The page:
Climate Change

Study links climate change with wheat blast; warns crop yield could drop by 75% in South America, Africa by 2050

Wheat blast-prone locations could increase due to climate impact; global wheat production could drop by 13%

By Kiran Pandey
Published: Tuesday 13 February 2024
Photo for representation: iStock

A new study has warned of links between warming climate and the devastating fungal plant disease wheat blast. The disease currently poses a threat to 6.4 million hectares and by 2050, climate change is likely make the situation worse and threaten 13.5 million hectares of cropland, the study warned. 

Wheat blast alone has the potential to cut wheat production worldwide by 13 per cent. However, the study cautioned that other effects of climate change could cause yields to fall even further. 

The analysis focused exclusively on nations with wheat growing areas and covered 86 countries across six continents — Africa, North America, South America, Europe and Asia.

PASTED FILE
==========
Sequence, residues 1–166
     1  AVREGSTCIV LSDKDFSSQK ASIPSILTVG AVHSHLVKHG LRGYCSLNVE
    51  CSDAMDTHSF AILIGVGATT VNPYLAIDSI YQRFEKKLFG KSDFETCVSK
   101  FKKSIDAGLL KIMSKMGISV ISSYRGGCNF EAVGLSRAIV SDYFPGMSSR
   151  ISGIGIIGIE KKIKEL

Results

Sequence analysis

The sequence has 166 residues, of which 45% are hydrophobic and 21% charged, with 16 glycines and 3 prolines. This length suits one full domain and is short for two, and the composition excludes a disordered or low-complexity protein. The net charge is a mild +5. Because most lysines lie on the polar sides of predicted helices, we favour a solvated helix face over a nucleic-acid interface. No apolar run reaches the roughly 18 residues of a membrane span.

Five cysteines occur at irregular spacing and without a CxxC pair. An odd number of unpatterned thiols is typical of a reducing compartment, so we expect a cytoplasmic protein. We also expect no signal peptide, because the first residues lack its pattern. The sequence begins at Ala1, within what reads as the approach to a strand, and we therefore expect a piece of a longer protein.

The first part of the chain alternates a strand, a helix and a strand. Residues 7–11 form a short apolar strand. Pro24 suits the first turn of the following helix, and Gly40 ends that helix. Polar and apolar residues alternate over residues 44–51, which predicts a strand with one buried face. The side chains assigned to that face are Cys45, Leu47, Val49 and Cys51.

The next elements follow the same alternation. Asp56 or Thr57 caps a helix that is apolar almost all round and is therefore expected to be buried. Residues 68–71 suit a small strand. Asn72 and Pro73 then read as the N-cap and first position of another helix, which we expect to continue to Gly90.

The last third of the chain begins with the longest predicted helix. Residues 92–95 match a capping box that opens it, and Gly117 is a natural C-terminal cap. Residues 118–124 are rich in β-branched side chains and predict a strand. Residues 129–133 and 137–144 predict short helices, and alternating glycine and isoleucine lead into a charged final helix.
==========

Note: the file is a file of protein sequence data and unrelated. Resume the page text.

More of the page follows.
South America and Africa will be the most vulnerable regions to wheat blast in the future climate, with up to 75 per cent of their wheat acreage at risk by 2050, warned the team of researchers from institutes International Maize and Wheat Improvement Center (also known as CIMMYT), Brazilian Agricultural Research Corporation, University of Florida, International Food Policy Research Institute and Technical University Munich. 

Potential wheat yield loss from wheat blast simulated for climate change scenarios for 2040–2070

These areas are among the most vulnerable to the direct impacts of climate change, where food security is already a considerable concern and wheat consumption is increasing, especially in urban areas.